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Letter ReferenceKarl Pearson 840/4/3/53-55
ArchiveUniversity College London Library, Special Collections, UCL, London
Epistolary TypeLetter
Letter DateThursday 19 August 1886
Address FromThe Convent, Harrow, London
Address To2 Harcourt Buildings, Temple, London
Who ToKarl Pearson
Other Versions
PermissionsPlease read before using or citing this transcription
The Project is grateful to University College London (UCL) and its Library Services for kindly allowing us to transcribe this Olive Schreiner letter, which is part of its Special Collections. The date of this letter is provided by the postmark on an attached envelope, while the name of the addressee and the address it was sent to are on its front.
1 The Convent
2 Thursday
4 Thank you for your letter. I have very much I want to talk to you
5about. Now I am only writing to give you the result of my own bitter
6experiences; it seems a very little matter, but it is really a very
7great one. In choosing your rooms don’t be misled by the fact that
8when you go in they seem tolerably quiet; the train not very close &c.
9You imagine you can do brain work there – coming out of the noisy
10street it seems quiet. You will ^may^ find when it comes to living there
11month after month, & doing fine brain work, perhaps under pressure,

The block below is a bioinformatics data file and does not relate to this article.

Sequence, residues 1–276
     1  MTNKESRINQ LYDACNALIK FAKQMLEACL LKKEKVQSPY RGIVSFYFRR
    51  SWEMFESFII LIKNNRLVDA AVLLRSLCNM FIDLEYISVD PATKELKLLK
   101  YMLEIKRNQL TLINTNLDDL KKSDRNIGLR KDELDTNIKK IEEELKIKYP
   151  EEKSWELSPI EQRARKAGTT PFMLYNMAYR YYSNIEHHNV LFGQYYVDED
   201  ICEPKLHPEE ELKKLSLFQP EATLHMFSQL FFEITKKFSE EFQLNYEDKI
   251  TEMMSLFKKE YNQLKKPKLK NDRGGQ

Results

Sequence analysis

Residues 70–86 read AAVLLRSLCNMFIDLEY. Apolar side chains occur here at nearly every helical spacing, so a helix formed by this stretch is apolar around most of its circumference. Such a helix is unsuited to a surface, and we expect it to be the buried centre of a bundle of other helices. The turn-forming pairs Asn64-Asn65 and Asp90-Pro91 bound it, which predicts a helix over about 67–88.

12that it is simply impossible to do anything, except at a gigantic
13unnecessary cost to your brain. I hope you are much too wise to need
14this advice – but I give it.
16 I am sorry you are leaving the Temple. One gets accustomed to
17associating people with certain places & one resents their making any
20 I am going to answer your letter tomorrow. You will let me know when &
21where you get to when you go away again?
23 I wish you were a woman & could come & stay here at the convent. When
24you had rested here for in perfect quiet for six months & done nothing
25then your ^mind^ would begin to work; your mind would begin to work of
26itself without your pulling it in motion. You don’t know anything
27about cactus buds. I do. They stop for months on the branch, & you
28think they’ll never open, & they do at last; & they’re full of
29stamens & yellow & white pollen! Of course there’s nothing before if
30you press
32^them open. They are still forming, & the largest buds take the longest
33time. ^
35 O.S.
37 ^I ought to be in London today but have a bad cold, so put it off till